Such omissions are irresponsible -- meth, after all, has been linked to the worsening of the AIDS epidemic -- and reek of stigma. Why would the film leave out this information? Sheff himself may have offered an answer in a 2011 essay for The Fix, in which he discussed his family's response to the possibility of going public about his history of sex work.

"After I finished writing my first book, I sent it around to a couple of people in my family just to make sure they were at least semi-okay with all the personal shit I was putting in there," he wrote. "And it's funny, you know, the one thing pretty much everyone agreed I should leave out of my book was the brief time I spent hustling in San Francisco and New York.

"Honestly, I'm not sure why the whole prostitution thing, above all the other fucked up shit I did (including stealing money from my seven-year-old brother) was the one thing everyone said I should keep to myself. Was it some kind of latent homophobia? Or maybe they worried that people would look at me like I was dirty or something. But why are people more uptight about prostitution than they are about shooting drugs? Is selling yourself more dirty or embarrassing than all the other dirty, embarrassing drug shit we do? Why? Because it is."

Sheff went on in this essay to reveal that he took money from men not only to make ends meet. In a time of his life when his drug addiction made him feel worthless, the act of selling his body made him feel like he had value and "feel good, or beautiful or important or whatever."

"Prostitution was something I wanted to do. That sounds crazy fucked up, but it's true," he wrote. "And when I was out there, you know, hustling, I'm telling you, a lot of the kids I met were just like me. They wanted to feel like I wanted to feel. They wanted to feel wanted. Because, after all, there is a certain pride in being owned."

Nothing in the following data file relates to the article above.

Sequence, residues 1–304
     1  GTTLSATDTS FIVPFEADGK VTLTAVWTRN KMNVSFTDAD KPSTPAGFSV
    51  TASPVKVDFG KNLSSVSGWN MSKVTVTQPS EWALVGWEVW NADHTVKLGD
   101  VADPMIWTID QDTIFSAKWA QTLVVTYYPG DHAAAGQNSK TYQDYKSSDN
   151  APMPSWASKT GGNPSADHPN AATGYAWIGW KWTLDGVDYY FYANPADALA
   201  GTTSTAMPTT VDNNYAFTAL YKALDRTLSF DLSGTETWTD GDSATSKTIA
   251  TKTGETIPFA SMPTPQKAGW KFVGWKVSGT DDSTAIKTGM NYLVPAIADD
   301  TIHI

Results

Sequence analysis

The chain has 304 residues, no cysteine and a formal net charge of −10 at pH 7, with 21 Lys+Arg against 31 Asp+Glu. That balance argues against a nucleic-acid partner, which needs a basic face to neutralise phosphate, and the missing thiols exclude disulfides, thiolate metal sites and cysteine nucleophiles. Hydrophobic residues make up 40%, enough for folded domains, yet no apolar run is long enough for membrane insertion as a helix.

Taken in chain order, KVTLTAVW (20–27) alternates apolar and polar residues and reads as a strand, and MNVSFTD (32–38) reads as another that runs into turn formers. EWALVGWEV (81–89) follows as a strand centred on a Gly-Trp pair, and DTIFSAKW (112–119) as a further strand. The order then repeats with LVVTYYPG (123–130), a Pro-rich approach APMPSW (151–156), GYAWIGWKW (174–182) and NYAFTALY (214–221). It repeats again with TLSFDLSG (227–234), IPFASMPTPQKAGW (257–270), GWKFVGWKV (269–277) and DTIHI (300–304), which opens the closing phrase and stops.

"Getting high and prostitution really was like the same thing for me," he added. "They were almost indistinguishable from one another. And that's why I felt absolutely compelled to include it in my book."

Be it stigma or otherwise, Van Groeningen did not feel compelled to put this side of Sheff's experience in Beautiful Boy. The result is a story that feels incomplete -- and, at its heart, untrue. It is a missed opportunity to help the young boys and girls who, like Nic, misguidedly turn to drugs and sex work to feel beautiful -- and to show the lives of the queer people Nic interacted with who are also part of this vicious cycle. That it stars Chalamet, who is straight but was made famous by his Oscar-nominated gay role in Call Me by Your Name, adds further insult to injury.

This selective storytelling from Beautiful Boy cuts against the reason for making a film about drug addiction: namely, to explore its causes and shine a light on possible solutions. The news of the leaked memo regarding the Trump administration's erasure of transgender people should only further drive home the dangers of LGBTQ omission. Darkness on these issues will only worsen the epidemic. And that is the ugly truth.

DANIEL REYNOLDS is an editor at The Advocate.Follow him on Twitter @dnlreynolds.